Michigan State University’s future STEM Teaching and Learning Facility will be the first in Michigan to use wood, rather than concrete and steel, for its load-bearing structure.
Known as mass timber, this framing style uses large solid or engineered wood. The $100 million facility will be constructed of glue laminated wooden columns and a relatively new product called cross laminated timber (CLT) for the floors and ceilings.
“As a leading public research university, MSU has the fantastic opportunity to showcase these innovative and sustainable construction methods in the state of Michigan,” said Satish Udpa, MSU acting president who also serves as executive vice president for administrative services. “I am delighted to see university operations, including building construction, pull from our state’s history as a lumber leader and mesh with the engineering capabilities of advanced materials.”
“Growing trees sustainably, using all of the harvested wood and incorporating it into a long-term structure extends the carbon and climate benefits of forests." Rich Kobe, MSU Department of Forestry Chairperson
The new building will be constructed around the former Shaw Lane Power Plant, adjacent to Spartan Stadium. The renovation will include a student science studio space and a vibrant commons area with cafe. Two new mass timber wings will offer 117,000 square feet of modern teaching labs, responding to STEM course demand, which has increased 40 percent in the last 10 years at MSU.
CLT is a wood panel made from gluing layers of solid wood at cross-grain to result in a lightweight and strong panel. It’s been used in Europe for more than 20 years, with recent skyrocketing interest in Canada and the U.S., especially on the West Coast.
Currently there is no CLT manufacturing in Michigan, although it’s a prime place for future development.
In addition to economic development, the building will have environmental benefits, especially for locking up carbon that otherwise would be in the atmosphere and contributing to climate change.
“By weight, carbon makes up half of wood,” said Rich Kobe, a forest ecologist and chairperson of MSU’s Department of Forestry.
“Growing trees sustainably, using all of the harvested wood and incorporating it into a long-term structure extends the carbon and climate benefits of forests," Kobe explained. "And those re-growing forests take up more carbon and provide important wildlife habitat and clean water.”
Conservation industry support
In fact, many conservation organizations, including the Nature Conservancy in Michigan, the Michigan Department of Natural Resources (DNR) and the Michigan Forest Biomaterials Institute (MIFBI), are actively promoting mass timber construction.
“Michigan is ideally situated to become a leader in mass timber manufacturing. We have abundant forest resources that are managed sustainably and the manufacturing know-how,” said Mark Rudnicki, executive director of MIFBI.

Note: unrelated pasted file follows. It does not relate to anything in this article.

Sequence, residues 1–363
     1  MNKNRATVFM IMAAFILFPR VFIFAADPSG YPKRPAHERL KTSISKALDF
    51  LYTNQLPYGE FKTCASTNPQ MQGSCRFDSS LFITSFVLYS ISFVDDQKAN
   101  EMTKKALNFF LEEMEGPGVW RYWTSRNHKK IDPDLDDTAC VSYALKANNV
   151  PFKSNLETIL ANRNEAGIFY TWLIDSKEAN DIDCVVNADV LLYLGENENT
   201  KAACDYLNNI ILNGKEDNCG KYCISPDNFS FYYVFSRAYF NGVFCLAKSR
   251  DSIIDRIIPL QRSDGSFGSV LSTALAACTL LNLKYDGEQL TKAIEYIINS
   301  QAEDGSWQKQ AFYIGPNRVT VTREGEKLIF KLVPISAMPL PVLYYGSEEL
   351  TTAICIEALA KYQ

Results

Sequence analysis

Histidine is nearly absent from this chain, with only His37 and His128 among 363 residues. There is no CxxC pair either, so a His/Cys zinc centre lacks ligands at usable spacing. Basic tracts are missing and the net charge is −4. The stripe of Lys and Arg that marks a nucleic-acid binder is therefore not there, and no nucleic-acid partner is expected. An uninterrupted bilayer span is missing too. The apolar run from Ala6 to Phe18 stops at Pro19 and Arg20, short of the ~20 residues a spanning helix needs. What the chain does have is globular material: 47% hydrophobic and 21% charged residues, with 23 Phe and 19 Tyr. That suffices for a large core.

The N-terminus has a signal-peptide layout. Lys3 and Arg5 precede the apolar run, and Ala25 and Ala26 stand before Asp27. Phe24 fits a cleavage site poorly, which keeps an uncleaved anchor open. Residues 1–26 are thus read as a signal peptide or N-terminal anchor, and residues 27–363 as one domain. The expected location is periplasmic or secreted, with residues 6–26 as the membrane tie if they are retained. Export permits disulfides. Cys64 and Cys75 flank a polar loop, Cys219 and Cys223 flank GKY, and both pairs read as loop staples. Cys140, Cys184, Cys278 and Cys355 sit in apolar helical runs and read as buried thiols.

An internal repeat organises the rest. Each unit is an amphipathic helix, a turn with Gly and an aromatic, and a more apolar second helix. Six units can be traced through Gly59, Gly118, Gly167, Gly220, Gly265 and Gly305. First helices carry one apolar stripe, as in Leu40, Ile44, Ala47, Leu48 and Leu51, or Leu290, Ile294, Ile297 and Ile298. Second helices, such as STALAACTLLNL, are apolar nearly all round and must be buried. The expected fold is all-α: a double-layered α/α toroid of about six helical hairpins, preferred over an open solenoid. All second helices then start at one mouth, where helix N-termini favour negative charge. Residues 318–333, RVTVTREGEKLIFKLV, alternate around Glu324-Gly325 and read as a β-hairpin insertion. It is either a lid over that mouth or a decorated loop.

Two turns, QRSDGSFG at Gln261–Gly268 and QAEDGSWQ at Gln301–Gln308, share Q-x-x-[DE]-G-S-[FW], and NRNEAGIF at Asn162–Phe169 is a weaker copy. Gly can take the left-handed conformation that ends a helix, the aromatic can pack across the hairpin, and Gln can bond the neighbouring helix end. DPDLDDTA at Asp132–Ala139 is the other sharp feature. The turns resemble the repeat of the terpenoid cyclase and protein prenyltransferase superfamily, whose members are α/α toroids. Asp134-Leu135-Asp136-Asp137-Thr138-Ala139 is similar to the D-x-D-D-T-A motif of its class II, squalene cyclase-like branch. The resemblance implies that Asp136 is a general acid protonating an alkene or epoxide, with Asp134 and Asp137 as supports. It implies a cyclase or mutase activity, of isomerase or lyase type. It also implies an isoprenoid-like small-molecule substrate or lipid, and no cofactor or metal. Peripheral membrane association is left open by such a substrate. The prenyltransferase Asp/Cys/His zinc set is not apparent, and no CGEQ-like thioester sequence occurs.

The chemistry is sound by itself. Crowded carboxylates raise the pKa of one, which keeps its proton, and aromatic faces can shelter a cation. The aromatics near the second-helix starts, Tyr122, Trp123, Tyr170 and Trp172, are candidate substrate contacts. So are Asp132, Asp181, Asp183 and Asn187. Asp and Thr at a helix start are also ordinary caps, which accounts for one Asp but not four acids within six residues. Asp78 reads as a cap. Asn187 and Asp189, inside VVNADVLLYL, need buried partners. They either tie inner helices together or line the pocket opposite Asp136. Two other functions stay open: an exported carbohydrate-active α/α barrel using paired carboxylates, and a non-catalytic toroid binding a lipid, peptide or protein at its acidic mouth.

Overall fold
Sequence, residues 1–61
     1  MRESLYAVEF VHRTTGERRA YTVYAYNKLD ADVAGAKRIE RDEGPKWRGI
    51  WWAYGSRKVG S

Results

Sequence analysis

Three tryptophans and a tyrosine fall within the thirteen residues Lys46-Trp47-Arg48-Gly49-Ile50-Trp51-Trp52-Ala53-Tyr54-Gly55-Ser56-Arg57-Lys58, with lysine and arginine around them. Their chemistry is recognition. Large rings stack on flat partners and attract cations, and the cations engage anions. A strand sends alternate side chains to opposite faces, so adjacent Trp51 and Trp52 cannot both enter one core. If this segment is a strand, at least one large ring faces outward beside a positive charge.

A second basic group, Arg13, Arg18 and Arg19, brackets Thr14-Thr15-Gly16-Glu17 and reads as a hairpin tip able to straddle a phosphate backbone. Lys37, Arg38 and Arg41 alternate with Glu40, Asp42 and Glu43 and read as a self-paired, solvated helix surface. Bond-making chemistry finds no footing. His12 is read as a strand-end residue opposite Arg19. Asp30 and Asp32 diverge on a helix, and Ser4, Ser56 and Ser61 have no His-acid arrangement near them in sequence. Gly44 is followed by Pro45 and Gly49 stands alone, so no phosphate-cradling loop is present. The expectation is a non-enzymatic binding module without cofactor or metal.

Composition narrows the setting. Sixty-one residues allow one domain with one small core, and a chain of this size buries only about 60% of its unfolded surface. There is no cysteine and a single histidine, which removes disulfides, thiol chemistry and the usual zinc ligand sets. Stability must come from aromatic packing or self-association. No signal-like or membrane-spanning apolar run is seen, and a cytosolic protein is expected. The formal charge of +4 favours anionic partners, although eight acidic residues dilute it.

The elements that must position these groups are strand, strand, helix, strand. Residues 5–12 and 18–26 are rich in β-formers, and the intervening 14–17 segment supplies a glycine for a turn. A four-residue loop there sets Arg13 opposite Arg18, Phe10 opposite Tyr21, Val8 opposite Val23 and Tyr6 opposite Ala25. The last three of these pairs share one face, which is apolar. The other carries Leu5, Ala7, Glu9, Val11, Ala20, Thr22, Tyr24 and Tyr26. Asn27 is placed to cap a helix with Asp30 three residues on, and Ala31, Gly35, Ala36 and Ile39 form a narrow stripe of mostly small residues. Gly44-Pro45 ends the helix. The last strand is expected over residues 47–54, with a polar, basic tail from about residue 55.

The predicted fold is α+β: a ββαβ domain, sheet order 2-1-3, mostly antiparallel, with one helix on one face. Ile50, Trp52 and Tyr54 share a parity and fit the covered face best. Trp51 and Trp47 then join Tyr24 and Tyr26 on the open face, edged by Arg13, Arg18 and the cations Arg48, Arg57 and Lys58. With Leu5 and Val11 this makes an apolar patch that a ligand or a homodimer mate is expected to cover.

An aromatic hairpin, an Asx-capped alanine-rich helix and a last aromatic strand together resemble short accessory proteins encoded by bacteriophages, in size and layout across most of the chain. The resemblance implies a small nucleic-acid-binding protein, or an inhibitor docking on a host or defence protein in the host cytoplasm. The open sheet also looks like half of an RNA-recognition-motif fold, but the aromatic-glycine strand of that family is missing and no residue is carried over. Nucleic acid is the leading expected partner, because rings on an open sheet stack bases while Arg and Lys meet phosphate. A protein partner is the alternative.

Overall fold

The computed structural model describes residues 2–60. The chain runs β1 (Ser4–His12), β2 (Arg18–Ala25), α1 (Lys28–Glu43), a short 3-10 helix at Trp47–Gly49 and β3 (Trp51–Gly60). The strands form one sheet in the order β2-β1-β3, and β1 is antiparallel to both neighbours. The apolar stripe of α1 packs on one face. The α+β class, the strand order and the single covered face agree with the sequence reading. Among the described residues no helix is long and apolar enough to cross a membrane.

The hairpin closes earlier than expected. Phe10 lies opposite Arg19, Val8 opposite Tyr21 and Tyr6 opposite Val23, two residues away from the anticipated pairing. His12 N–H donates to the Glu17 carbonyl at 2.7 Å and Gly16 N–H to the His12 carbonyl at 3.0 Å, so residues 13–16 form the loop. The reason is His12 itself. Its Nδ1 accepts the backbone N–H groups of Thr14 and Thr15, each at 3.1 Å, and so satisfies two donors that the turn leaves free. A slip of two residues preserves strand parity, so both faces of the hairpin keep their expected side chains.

Many believe the MSU building will catalyze additional mass timber construction in the state, which might lead to establishing CLT manufacturing in Michigan.
“Mass timber construction provides a new market for sustainably produced timber which encourages forest landowners to keep their woodlands healthy and growing. And forests are the world’s most cost effective carbon capture tool,” stated Helen Taylor, director of the Nature Conservancy in Michigan.
Michigan DNR officials agree.
“Having a CLT manufacturer in Michigan would not only create green jobs using sustainable resources, but also provide the financial resources and incentives that are needed to restore and conserve healthy, diverse, and productive forests that provide so many other benefits,” said Debbie Begalle, state forester and chief of the forest resources division of the Michigan DNR.
Benefits of CLT
In addition to the strength and sustainability of CLT, another benefit is the speed of construction. Panels can be assembled quickly.
“We compared mass timber with other framing methods and were intrigued by how far wood has come as a building material,” said John LeFevre, director of MSU’s Planning, Design, and Construction office.
The pleasing aesthetics of exposed wood also creates a warm, inviting, and atypical environment for learning science. The new STEM building is slated to open in fall 2020 with classes beginning in January 2021. The wood panels are being manufactured in Quebec and will arrive on campus in May.
“I am excited to see the educational, research, and outreach opportunities that the building itself promises to many academic units and to our land grant mission,” said Ron Hendrick, dean of MSU’s College of Agriculture and Natural Resources. “It is an interdisciplinary platform encompassing forestry, construction management, biosystems engineering and beyond, and can serve as a catalyst to develop this new technology in Michigan.”
The project architect is IDS with Ellenzweig Architecture, IDEO Design and Sasaki Design. Granger Construction Co. is the construction manager.